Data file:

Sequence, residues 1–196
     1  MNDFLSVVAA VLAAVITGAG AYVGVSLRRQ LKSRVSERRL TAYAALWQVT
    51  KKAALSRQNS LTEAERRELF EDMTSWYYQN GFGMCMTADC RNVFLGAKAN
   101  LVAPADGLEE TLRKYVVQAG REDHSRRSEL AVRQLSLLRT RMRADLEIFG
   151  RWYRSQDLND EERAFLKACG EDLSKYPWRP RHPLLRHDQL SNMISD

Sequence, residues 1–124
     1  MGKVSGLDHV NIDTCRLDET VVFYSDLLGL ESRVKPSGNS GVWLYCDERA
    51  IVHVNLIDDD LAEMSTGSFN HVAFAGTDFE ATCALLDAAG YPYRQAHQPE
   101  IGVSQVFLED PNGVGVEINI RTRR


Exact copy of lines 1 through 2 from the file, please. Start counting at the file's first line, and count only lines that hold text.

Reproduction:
Sequence, residues 1–196
     1  MNDFLSVVAA VLAAVITGAG AYVGVSLRRQ LKSRVSERRL TAYAALWQVT